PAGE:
Gaza Sky Geeks startups also provide training and employment to fellow Gazans, who in turn reinvest in their community. The popular Gazan startup institution also provides the residents of the densely populated city with educational workshops that hundreds of people attend on a daily basis.

The Gazan startup ecosystem also has a vast network of regional and international actors with whom participants can engage and learn from. Many of these actors include universities such as New York University, the University of California at Berkeley, the University of Chicago, and the London School of Economics and Political Science.

The besieged enclave is also home to one of the most inclusive tech communities in the world with 50% of the participants at its events being women. Many female entrepreneurs in the Gaza Strip have strong backgrounds in science, technology, engineering, and math (STEM), and they often host coding clubs to promote the development of the skills of other women.

Thanks to the relentless efforts of Gaza Sky Geeks, many Gaza-based startups like Baskalet, a mobile game studio, have been able to generate revenue and grow their user base. The Baskalet team was even selected for Google for Entrepreneurs’ Blackbox Connect program, making them the first startup in the Gaza strip to be accepted into a competitive international accelerator.

However, in order to participate in any regional or international event, Palestinian entrepreneurs have to secure various permits from different governments to be able to leave the strip. So, even when presented with unique opportunities, Palestinian entrepreneurs have to jump through many hoops in order to participate, and more often than not, they are unable to do so.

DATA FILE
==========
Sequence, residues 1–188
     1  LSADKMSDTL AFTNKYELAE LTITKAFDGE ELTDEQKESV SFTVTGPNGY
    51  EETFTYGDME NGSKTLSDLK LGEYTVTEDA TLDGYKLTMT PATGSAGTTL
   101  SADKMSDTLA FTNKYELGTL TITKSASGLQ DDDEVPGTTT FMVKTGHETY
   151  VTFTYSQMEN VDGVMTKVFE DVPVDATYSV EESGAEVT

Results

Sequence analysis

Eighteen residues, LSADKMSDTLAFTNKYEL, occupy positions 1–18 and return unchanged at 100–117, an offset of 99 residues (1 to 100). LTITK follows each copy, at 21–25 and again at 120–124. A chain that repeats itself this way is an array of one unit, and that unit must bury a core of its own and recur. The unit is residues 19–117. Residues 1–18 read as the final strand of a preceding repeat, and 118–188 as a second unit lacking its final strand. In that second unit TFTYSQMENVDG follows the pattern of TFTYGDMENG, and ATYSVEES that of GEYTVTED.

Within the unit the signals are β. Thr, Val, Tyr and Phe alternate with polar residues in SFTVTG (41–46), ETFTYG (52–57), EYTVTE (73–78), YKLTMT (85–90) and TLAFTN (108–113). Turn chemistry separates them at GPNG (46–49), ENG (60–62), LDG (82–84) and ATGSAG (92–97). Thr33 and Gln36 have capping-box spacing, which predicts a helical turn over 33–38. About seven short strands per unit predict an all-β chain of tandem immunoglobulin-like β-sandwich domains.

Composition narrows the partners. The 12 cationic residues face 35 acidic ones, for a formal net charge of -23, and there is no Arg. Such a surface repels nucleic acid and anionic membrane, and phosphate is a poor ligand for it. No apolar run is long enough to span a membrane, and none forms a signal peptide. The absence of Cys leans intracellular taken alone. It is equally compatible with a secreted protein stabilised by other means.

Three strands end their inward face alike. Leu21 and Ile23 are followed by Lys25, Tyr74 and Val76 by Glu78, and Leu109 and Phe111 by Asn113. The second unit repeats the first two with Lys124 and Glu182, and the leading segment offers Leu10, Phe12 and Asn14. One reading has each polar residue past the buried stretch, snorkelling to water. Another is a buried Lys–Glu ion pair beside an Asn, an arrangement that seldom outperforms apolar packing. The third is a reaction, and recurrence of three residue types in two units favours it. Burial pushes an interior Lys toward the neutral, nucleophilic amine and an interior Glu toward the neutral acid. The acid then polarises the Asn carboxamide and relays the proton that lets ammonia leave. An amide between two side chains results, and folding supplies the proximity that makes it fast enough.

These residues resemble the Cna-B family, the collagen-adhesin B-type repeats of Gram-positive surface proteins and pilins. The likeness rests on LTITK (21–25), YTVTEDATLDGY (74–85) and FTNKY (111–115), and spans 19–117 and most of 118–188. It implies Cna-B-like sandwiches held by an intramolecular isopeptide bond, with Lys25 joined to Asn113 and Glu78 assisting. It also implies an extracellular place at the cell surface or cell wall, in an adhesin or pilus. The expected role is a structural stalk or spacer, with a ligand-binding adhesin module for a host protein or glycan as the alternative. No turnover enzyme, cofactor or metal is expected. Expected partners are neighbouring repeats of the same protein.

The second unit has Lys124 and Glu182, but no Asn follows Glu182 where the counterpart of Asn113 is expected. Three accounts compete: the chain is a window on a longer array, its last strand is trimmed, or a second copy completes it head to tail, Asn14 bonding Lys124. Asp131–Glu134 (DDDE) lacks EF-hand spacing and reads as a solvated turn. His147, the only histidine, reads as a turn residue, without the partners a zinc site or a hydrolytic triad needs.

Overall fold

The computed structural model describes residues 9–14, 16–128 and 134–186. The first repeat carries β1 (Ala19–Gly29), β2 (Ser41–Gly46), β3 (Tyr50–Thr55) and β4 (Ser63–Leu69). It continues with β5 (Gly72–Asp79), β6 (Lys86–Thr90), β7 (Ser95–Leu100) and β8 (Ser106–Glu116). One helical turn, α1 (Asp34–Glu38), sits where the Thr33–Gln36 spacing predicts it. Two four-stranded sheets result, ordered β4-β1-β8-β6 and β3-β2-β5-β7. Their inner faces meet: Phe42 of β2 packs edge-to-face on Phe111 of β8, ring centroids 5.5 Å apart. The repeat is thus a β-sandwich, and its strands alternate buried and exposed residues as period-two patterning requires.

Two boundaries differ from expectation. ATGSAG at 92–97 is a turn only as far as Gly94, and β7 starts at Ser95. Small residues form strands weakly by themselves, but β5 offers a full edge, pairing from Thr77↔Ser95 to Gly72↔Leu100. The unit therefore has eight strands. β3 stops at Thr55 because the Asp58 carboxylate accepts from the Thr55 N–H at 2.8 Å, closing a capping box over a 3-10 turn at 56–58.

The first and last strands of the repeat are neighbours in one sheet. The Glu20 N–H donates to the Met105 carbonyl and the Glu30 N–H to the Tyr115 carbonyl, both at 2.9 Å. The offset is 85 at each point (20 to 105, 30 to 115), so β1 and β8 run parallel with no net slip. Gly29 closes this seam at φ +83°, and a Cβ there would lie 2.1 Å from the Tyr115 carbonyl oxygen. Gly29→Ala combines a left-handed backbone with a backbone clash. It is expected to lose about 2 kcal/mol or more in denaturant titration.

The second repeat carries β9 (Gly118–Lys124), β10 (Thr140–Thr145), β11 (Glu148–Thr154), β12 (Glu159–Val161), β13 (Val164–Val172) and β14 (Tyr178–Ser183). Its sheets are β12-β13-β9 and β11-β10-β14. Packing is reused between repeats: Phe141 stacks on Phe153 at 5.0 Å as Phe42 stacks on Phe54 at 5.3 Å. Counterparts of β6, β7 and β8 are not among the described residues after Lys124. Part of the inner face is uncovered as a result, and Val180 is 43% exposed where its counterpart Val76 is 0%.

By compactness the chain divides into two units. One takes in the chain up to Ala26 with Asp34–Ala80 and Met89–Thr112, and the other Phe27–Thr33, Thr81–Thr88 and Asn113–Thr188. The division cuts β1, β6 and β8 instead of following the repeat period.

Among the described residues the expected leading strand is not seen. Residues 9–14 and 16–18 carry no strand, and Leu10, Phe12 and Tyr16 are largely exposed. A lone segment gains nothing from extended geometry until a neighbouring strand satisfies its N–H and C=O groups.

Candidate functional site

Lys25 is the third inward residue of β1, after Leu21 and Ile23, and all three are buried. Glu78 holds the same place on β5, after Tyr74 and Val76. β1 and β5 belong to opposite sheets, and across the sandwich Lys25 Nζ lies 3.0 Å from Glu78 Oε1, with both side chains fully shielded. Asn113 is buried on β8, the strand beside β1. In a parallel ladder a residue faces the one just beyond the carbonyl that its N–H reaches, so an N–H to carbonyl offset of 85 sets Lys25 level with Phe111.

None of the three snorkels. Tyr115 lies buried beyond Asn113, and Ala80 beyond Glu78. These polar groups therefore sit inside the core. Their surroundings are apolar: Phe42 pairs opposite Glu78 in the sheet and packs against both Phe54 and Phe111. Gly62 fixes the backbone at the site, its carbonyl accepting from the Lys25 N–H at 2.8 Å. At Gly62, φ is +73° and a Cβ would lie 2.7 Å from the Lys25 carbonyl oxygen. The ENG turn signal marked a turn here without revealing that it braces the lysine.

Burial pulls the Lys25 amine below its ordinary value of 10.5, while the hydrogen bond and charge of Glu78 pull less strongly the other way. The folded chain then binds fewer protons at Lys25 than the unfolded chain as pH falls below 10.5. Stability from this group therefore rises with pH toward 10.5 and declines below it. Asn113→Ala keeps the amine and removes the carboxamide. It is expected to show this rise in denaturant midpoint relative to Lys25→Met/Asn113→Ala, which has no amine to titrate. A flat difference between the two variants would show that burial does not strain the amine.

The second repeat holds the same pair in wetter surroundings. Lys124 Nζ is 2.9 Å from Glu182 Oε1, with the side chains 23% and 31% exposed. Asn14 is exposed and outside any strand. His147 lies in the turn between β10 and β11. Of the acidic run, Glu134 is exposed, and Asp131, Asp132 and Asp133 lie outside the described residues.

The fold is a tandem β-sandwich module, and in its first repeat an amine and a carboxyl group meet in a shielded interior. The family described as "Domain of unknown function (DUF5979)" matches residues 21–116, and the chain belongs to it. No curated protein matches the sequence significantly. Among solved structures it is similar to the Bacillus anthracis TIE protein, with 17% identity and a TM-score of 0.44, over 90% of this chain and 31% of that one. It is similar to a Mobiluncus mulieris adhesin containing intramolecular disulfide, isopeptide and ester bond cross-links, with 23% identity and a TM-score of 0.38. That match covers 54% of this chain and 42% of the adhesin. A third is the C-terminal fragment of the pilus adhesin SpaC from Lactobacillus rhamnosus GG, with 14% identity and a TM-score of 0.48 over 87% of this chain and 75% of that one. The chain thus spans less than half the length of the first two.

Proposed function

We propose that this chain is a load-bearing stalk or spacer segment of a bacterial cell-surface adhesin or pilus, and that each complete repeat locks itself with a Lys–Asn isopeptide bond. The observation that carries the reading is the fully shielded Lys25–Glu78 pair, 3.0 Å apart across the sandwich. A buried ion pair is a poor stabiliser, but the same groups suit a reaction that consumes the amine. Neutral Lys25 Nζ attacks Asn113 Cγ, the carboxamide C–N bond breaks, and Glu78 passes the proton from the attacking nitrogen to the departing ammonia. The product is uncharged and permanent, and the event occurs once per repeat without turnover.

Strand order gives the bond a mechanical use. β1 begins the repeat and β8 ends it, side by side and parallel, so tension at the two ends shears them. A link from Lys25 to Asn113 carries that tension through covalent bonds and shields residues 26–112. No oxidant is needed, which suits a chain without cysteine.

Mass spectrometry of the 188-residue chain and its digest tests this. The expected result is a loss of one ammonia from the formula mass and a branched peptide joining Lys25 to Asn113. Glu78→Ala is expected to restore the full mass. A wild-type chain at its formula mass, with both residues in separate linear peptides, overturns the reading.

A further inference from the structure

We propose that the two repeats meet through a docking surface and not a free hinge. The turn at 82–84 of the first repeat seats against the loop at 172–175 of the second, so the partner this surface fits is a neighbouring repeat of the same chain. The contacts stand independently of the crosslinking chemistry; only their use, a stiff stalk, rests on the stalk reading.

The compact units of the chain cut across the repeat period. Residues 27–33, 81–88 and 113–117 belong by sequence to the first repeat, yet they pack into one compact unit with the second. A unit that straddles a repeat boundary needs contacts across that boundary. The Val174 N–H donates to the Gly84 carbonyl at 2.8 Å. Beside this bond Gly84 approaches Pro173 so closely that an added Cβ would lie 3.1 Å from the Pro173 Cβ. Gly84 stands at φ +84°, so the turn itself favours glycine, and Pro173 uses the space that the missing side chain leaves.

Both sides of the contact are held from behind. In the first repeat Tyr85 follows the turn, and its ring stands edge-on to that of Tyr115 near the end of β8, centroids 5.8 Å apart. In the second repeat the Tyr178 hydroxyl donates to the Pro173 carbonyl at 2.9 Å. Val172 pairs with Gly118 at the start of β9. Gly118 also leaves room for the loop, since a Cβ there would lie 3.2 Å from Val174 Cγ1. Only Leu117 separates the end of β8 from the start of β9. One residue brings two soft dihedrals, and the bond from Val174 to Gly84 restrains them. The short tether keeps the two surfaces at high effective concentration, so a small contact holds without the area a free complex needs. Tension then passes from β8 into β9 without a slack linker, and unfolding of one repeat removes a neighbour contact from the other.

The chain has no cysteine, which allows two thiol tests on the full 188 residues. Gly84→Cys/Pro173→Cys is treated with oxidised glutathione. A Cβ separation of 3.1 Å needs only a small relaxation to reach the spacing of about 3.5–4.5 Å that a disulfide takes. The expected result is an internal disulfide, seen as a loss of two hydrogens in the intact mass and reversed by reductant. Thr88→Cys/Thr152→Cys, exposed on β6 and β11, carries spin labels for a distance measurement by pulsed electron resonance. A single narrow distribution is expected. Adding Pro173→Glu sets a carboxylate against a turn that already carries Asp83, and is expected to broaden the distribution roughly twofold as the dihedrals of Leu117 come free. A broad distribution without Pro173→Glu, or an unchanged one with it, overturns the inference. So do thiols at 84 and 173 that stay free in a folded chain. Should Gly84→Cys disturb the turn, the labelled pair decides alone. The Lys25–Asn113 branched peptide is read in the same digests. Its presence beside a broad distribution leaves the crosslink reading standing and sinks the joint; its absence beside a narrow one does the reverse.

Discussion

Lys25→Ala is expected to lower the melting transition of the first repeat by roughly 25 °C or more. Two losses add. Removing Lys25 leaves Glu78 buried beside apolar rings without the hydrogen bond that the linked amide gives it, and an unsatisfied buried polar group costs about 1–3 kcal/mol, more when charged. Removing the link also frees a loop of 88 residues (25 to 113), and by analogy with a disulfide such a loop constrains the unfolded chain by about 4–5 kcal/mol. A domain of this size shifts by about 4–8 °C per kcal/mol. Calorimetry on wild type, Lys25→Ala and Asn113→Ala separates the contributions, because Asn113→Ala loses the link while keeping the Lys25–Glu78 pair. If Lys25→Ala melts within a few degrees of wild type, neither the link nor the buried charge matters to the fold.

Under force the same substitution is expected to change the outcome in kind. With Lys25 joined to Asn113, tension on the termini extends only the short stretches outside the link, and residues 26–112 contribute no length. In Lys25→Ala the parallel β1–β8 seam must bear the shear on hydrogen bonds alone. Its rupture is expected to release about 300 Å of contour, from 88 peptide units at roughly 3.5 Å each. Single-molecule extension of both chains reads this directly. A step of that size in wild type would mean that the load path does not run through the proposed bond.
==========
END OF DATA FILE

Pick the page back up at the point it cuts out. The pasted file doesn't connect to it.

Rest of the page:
Unfortunately, for the Gaza Strip’s entrepreneurial community that is only one of the many challenges they face on a day-to-day basis.

Securing funding is also especially difficult for entrepreneurs based in Gaza, because they cannot pitch at international startup competitions or network with potential investors at entrepreneurial events due to travel restrictions.

It is also rare to find investors who are willing to undertake the risk of going to the Gaza Strip or investing in its nascent startup ecosystem. Consequently, many Gaza-based startups, even Gaza Sky Geeks, struggle to find the investment they need to stay afloat.

However, even when entrepreneurs in the Gaza Strip are able to cross the so-called entrepreneurial “Valley of Death” and generate revenue, they frequently face obstacles to being paid for the jobs they do for remote clients because “PayPal is not allowed in Palestine and the other payment processing options provided by similar gateways and banks encounter high fees and are not always available for Gaza users,” according to Al-Afifi. Gaza Sky Geeks recently started working with payment companies like Stripe and local banks to make it easier for Gazan freelancers to get paid.

Although both male and female Gazan startup Founders are quite well educated, many of them are young and inexperienced in the realms of entrepreneurship and management. Even though many of these entrepreneurs have access to mentors, it seems that these mentors have little impact on the long-term success of their mentees’ startups.

While many entrepreneurs throughout the world might find this economic environment too daunting, entrepreneurs in the Gaza Strip embrace it and are determined to succeed despite all the odds stacked against them — because “whenever there’s hard work,” says Al-Afifi, “there’s always hope.”